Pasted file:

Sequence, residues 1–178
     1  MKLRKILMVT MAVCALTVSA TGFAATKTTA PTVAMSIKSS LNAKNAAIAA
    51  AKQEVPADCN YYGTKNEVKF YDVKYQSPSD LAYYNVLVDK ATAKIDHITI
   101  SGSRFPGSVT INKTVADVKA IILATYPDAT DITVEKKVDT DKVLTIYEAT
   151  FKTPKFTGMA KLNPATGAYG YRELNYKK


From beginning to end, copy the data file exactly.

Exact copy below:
Sequence, residues 1–178
     1  MKLRKILMVT MAVCALTVSA TGFAATKTTA PTVAMSIKSS LNAKNAAIAA
    51  AKQEVPADCN YYGTKNEVKF YDVKYQSPSD LAYYNVLVDK ATAKIDHITI
   101  SGSRFPGSVT INKTVADVKA IILATYPDAT DITVEKKVDT DKVLTIYEAT
   151  FKTPKFTGMA KLNPATGAYG YRELNYKK